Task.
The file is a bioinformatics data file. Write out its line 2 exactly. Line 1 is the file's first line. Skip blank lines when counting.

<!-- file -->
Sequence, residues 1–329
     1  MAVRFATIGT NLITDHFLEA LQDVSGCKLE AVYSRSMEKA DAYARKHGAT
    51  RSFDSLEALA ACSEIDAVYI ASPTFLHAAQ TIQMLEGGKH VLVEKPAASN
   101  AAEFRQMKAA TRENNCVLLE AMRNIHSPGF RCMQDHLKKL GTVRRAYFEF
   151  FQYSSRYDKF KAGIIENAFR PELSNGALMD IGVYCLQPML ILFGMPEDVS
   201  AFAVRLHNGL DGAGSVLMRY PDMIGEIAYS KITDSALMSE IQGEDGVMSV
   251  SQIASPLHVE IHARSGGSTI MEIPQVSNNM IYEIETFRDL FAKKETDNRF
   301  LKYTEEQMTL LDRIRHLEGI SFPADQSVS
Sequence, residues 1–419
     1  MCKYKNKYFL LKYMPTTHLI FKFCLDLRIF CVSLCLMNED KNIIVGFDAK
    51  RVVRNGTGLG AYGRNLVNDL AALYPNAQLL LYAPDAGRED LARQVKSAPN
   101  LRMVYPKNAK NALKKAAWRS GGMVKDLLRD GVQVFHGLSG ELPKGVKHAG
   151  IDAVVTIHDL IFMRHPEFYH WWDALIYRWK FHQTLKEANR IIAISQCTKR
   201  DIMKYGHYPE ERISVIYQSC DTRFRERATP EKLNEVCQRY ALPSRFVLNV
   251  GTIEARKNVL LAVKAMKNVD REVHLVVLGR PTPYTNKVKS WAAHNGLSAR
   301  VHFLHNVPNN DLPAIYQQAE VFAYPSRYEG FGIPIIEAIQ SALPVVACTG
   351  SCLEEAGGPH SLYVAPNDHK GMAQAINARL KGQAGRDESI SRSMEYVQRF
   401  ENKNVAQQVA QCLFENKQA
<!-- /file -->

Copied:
     1  MAVRFATIGT NLITDHFLEA LQDVSGCKLE AVYSRSMEKA DAYARKHGAT